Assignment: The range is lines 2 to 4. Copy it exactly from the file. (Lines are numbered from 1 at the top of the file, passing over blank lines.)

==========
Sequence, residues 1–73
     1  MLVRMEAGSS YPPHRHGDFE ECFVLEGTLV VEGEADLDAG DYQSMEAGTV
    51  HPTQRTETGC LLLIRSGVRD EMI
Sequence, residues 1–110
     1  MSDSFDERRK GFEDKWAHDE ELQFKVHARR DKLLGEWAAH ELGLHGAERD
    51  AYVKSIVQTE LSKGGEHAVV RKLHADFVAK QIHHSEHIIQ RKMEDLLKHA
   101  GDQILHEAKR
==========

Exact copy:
     1  MLVRMEAGSS YPPHRHGDFE ECFVLEGTLV VEGEADLDAG DYQSMEAGTV
    51  HPTQRTETGC LLLIRSGVRD EMI
Sequence, residues 1–110